Armalade refused to confirm or deny reports that the new album took nearly five years to produce because the organization’s team of researchers conducted pioneering field tests in locations across the globe. “It took that long to produce because the production team and quality control division were focused on every last detail, and that level of attention permeates the product and enhances its appeal,” she says, “Let’s say you’re an Azerbaijani fisherman mending nets on the fish-slimy deck of a trawler at anchor thirty kilometers off the coast of Baku, a Bahamian bus driver taking a turn slowly so that two tourists on rented red bikes—Americans to judge by their hats—have room to stop for photos of the bay, a Bahrainian osteopath telephoning a colleague about a patient whose recovery is medically inexplicable, a Bangladeshi sorting Lalpakri potatoes at a plant in Kumirpur, a Barbados teenage girl putting on lipstick in front of a white dressing table, thinking about the Arawak Indians for a project at school, a Belorussian convict using a tongue depressor to carve a dog that looks like a bull out of soap, a Belgian infant sitting warmly in a stroller while her mother buys veal from a butcher on the rue du Lac, a Mayan native of Belize harvesting sugarcane with a rusty machete, then pausing to chase away a persistent sand fly, a Fon truckdriver waiting in an old Ford truck idling beside an unpaved road overlooking a forested plateau, from which smoke rises, in Benin, a Bhutanese nun placing a coin, worn almost smooth, onto the open palm of a bald Buddhist beggar, his freshly shaven head specked with tiny black nodules of dried blood, a Bolivian mining zinc outside La Paz, a Bosnian radio commentator clearing her throat during a furniture commercial, a Botswanian diamond merchant polishing the left lens of his German eyeglasses with a square of black velvet, a Brazilian eight-year- old looking at a picture book about tropical plants, a Bruneian soldier checking the passport of a Chinese visitor named Yurong Liu, a Bulgarian archaeologist researching Thracian goldwork at a library in Varna, a woman lying in bed in Burkino Faso watching a Mexican soap-opera subtitled in French, an elderly Twa in Burundi eating boiled manioc at dawn, a young Cambodian mother guiding a wooden plow behind an emaciated ox, the linked pair moving slowly and laboriously across a muddy field, a Cameroonian adolescent stitching a wallet of brown leather, a Canadian member of the House of Commons leaving the women’s restroom at an airport in Saskatchewan, a schoolteacher from Cape Verde translating a children’s poem from Criuolo into Portuguese, a priest in the Central African Republic saying mass, a Chadean woman holding a young child on her angular hip, watching with uncomprehending eyes the construction of a pipeline through the forest, or a Chilean highlander lingering over a midday meal of humitas and charquican, anticipating an afternoon of foraging in the Andean foothills, this album includes carefully selected, sinusoidal plane-waves that will be clearly recognizable as an addition to the environment.”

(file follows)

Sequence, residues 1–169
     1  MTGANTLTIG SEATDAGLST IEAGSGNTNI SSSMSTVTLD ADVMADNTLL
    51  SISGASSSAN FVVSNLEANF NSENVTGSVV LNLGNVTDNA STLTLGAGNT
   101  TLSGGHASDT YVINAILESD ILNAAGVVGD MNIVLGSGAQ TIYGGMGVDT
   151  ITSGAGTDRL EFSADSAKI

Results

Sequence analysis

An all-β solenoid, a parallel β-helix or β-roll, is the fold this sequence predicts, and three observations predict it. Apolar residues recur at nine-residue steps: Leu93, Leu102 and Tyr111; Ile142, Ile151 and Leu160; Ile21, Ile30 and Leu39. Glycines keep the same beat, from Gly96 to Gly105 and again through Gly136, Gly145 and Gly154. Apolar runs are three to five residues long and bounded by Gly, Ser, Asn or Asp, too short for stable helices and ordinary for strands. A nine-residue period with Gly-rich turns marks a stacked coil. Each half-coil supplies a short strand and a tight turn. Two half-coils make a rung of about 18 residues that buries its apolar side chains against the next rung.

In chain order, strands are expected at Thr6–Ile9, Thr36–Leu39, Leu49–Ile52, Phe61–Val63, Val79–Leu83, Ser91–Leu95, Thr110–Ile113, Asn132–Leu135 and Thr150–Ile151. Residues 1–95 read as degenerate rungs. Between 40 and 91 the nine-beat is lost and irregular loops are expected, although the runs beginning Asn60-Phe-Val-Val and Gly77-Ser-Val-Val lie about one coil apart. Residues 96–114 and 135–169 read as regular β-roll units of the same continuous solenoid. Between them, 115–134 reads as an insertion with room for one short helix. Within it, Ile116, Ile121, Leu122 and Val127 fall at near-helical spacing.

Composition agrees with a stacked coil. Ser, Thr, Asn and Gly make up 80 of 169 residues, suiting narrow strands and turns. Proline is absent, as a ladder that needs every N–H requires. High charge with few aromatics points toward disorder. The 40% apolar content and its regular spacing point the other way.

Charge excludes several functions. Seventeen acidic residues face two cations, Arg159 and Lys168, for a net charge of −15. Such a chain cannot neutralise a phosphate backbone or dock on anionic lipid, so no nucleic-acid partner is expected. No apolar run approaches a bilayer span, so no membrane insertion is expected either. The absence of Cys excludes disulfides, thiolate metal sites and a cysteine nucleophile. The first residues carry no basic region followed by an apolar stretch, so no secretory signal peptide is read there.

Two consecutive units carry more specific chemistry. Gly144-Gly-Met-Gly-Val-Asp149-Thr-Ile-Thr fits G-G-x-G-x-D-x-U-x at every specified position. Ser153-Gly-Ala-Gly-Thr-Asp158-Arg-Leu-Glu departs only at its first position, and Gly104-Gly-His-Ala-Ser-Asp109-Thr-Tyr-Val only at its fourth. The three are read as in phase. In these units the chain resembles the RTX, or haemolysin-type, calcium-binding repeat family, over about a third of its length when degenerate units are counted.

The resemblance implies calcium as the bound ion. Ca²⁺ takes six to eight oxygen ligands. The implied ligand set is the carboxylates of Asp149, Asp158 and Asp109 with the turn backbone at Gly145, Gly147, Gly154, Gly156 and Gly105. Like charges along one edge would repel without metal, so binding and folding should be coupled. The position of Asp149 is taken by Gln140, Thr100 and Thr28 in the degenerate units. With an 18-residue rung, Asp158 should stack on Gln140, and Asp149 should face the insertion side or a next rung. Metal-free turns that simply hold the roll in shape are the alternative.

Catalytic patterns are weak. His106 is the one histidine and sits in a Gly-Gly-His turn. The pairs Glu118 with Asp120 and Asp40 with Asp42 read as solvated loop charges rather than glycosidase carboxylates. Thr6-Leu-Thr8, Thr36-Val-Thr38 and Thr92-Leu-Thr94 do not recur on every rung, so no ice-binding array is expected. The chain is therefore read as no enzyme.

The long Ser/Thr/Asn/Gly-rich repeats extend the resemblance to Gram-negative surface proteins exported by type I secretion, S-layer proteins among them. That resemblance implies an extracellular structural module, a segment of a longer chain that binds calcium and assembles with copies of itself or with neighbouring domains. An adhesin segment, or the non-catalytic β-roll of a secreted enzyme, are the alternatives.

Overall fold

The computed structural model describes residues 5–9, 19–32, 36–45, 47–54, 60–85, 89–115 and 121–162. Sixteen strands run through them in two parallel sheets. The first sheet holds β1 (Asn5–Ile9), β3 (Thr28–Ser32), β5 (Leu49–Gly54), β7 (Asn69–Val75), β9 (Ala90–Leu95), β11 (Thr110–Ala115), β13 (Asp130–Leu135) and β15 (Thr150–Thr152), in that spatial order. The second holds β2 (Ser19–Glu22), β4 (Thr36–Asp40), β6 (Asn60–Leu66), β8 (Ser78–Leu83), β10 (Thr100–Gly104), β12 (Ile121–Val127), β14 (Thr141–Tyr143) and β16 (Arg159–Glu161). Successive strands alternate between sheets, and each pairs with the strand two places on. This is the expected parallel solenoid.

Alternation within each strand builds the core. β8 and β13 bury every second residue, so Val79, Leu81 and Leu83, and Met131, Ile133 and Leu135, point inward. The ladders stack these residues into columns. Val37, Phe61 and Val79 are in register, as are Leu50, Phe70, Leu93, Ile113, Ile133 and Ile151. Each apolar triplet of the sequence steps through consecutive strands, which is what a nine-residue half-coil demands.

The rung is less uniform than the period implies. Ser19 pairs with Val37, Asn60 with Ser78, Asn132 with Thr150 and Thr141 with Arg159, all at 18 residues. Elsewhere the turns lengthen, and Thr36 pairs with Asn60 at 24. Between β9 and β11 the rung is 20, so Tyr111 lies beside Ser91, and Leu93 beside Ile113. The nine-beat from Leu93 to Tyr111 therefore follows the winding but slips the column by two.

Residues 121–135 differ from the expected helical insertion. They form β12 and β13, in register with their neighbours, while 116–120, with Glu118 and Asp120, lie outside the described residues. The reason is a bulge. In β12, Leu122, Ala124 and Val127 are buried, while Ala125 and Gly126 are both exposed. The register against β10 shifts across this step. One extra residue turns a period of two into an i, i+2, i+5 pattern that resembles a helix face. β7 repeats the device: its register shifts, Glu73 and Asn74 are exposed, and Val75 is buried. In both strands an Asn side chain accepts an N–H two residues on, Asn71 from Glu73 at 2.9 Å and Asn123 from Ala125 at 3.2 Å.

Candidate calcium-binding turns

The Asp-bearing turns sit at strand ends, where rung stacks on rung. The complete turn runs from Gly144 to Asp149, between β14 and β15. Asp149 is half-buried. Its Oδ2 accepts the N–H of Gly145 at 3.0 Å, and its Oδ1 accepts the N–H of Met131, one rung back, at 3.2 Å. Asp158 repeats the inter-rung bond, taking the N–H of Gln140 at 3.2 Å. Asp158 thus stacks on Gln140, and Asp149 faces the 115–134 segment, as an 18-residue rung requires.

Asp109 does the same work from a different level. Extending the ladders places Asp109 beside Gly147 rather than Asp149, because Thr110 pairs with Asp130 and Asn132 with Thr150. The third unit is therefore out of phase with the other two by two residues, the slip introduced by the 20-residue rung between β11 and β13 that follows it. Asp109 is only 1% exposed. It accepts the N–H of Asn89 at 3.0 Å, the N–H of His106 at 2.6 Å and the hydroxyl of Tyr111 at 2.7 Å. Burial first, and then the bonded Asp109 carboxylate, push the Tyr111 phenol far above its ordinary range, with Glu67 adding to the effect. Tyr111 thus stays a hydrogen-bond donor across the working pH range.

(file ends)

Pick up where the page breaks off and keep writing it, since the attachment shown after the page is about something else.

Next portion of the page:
Armalade does not expect the controversy surrounding the organization’s ambiguous goals to affect the potential size of the global demand for new pulse-code modulations contained on this new release. “A Chinese metalworker, smoked hood down, temporarily anonymous, welding steel plates for the undercarriage of an earthmover that will be sold to an Australian construction firm, a Colombian vagabond walking from Bogotà to Villavicencio on worn-out sandals, an inhabitant of Comoros gathering ylang-ylang flowers for perfume, a Congolese grandfather suffering from sleeping sickness lying motionless in a grass hut beside a river, a Pygmie woman in the rainforest of the Democratic Republic of the Congo collecting brightly colored lizards, a Costa Rican testing a newly manufactured microprocessor, a local government official in Côte d’Ivoire stamping a building permit, a Croatian outlaw roasting goat meat in a cave in the Dinaric Alps, a Cuban girl dying of leukemia in a hospital in Santiago, a Cypriot farmer tasting a green olive, a Czech writer pausing over a word, a Danish newborn, wailing, hanging upside-down by the ankles from a masked ostetrician’s closed hand, a Djiboutian scolding a camel who refuses to rise, a Domincan accountant calculating banana revenues with a calculator made in Texas, a Hispaniolan from the Dominican Republic hosing off a car in the newly paved driveway of a single-storey white house, an Ecuadoran on a steamer en route to the Galápagos Islands, writing a book in her head, an Egyptian textile worker smoothing folded cotton cloth, a Salvadoran guerilla waiting out a storm under a make-shift lean-to in the hills above Zacatecoluca, an Equatorial Guinean picking a cocoa bean, an Eritrean leaving a church on a hot January morning, an Estonian painting a porcelain cup, an Ethiopian dreaming about the sea, a Fijian woman counting change, a Finn cross-country skiing to work, a French schoolgirl milking a cow at 5:37 a.m. while Edith Piaf sings tinnily from a radio at the other end of the low enclosure, a Gabonese writing a letter with a ballpoint pen borrowed momentarily from a friend and not yet returned, a Gambian grandmother dressing a toddler, a Georgian tying a leather boot lace, a German librarian running the tip of his index finger down a column of small type to the word Produktionsgenossenschaft, a Ghanian smelting aluminum, a Greek sniffing feta cheese at a market on Corfu, a Grenadan stroking a black cat’s arched back, a Guatemalan pickpocket filching a wallet made in Cameroon, a Guinean shearing a brown ewe, a Guinea-Bissauan shelling cashews, or a Guyanan journalist sharpening a pencil—they’re all equally likely to have aural nerves react to the new album by The Long Afternoon. It’s just physics.”